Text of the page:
Cook County News Herald

Le Grand Du Nord gravel grinding racers muddied, tired, but happy finishers


Jay DeCoux

Jay DeCoux

“Me and the Shoe Lake Road have to take a break from each other,” said weary finisher Jay Decoux who was slumped over the handle bars of his mountain bike as he talked last Saturday.

Normally cheerful, the Grand Marais Mayor had just finished the 110-mile Le Grand Du Nord bicycle race, which started and ended at the bottom of 3rd Avenue West next to Voyageur Brewery. A former high school wrestler, Jay looked like he had wrestled with a very large muddy pig and lost.

And lost badly.

“Was there a lot of washouts on the Shoe Lake Road?” I asked.

“No. It’s uphill both ways, and I just don’t need to ride on it for a while,” said a tired, disconsolate Decoux, who then asked if I would take his picture with his cell phone.

Sure, I will take the picture, I replied.

But when he got his phone from his shirt pocket, it was covered in mud. He briefly tried to clean it with muddy clothing, but the effort just pushed more goop on the front and back of his phone, creating mucky mosaics. Finally, he shrugged his shoulders and put the phone away. I took his picture with my camera and promised to send him a photo.

 

 

“I’m going home to take a shower,” he said, not moving for a while longer as he recuperated.

Rain, fog, mud, potholes, washouts, and more greeted the participants in the Le Grand Du Nord gravel grinding bike races this year.

“It was certainly a learning year for all of us. Learning what our bodies could do, what our gear can do and cannot do,” said Race Director Jeremy Kershaw. “It’s okay to have a tough year now and then. We all learn from years like this.”

Although there were 700 entrants, only 540 took to the starting lines, and of those, 90 dropped, leaving 454 finishers. In all, mountain bikers rode in either the 110-mile, 54-mile, or 26-mile race.

Out on the course taking pictures, I encountered one lady pushing her mountain bike on the Pike Lake Road. “Do you have a flat tire?” I asked.

 

 

“No,” she smiled. “My breaks are out. So, I will ride uphill and push my bike the rest of the way to the finish.”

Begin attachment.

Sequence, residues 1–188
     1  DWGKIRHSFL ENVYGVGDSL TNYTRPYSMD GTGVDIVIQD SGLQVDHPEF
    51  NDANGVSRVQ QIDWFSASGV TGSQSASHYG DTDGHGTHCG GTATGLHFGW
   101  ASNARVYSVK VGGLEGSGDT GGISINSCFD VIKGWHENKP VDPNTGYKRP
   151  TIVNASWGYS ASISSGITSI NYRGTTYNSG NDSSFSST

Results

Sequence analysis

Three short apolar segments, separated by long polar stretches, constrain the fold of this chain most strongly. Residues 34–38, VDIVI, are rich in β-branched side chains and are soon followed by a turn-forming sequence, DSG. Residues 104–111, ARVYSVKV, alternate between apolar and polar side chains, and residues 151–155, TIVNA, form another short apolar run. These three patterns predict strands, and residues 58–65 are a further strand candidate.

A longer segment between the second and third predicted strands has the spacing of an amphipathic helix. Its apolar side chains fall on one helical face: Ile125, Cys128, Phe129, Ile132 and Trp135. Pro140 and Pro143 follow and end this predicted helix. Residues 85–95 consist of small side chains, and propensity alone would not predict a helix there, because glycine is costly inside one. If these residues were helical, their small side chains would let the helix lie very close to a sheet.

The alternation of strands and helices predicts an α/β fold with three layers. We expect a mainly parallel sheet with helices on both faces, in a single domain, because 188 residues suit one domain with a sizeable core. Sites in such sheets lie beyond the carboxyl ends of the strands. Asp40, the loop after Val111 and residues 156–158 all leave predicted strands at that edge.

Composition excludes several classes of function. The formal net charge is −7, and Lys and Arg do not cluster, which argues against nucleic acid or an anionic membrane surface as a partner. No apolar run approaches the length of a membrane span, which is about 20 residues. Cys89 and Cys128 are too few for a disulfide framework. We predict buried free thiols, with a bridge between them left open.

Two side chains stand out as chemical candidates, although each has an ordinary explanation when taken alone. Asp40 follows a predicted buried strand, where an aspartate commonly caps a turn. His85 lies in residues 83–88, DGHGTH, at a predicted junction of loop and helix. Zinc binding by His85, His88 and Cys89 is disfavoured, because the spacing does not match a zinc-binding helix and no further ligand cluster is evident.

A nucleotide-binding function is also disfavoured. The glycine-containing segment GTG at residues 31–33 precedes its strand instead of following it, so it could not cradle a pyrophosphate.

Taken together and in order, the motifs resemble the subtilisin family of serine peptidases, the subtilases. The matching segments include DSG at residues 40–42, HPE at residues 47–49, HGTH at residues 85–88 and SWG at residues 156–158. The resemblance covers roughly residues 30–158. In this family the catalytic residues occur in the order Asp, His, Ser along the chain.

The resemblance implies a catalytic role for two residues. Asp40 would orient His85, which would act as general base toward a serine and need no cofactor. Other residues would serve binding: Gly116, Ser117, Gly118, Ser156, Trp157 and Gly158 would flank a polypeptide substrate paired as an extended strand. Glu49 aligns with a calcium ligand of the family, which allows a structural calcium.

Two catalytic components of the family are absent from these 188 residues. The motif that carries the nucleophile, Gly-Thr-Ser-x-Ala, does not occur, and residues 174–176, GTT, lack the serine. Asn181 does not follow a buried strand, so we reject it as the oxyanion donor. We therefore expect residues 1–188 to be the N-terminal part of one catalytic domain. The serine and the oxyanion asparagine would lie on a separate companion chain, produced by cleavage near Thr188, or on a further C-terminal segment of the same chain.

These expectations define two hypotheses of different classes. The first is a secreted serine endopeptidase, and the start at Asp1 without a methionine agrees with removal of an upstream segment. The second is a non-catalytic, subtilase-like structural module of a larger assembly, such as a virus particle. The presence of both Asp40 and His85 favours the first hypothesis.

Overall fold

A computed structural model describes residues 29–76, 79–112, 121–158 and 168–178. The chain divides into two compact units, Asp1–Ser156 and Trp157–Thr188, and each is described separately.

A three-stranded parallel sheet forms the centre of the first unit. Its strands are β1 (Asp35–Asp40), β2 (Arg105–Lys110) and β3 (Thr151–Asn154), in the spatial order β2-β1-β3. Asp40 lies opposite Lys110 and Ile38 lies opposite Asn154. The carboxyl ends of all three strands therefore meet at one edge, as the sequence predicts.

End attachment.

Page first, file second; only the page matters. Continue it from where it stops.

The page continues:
She said her name was Shanie, and she had about nine miles ahead of her. She had entered the 54-mile gravel grinding race, and although muddied like everyone else, she had a great attitude.

Stories like Shanie and Jay abounded at Le Grand Du Nord this year. One gentleman, John, said his gears had clogged with mud and stopped working until he peddled through a large puddle, and then he could magically shift again. “I think the water cleaned them (gears) up a bit,” he mused.

Another finisher, Zach, was all smiles as he posed for a picture. He looked like a reincarnated five-year-old who had splashed for hours in a vast muddy mud puddle and couldn’t have been happier.

There were more bumps and bruises than normal this year, Kershaw said. But overall, the riders were complimentary of the volunteers and the race.

“The quality of our volunteers is outstanding,” noted Kershaw. “They donate their time and energy to this event and we couldn’t do it without them. We are also very grateful to our hosts in Grand Marais. Every business is very thinly staffed, but they met us with smiles and good cheer.”

The gravel grinding event almost didn’t happen. Kershaw said the Forest Service District Ranger gave permission for the Bally Creek Road to be used one week before the race. “We would have understood if we couldn’t have used the road because of the washouts, but we would have had to cancel the race because it was too late to set up a new course.”

In October, Kershaw will be back with the Heck of the North gravel grinding race. He said the field would be limited to 700 riders. “We really enjoy the North Shore, and we love the town,” he said.

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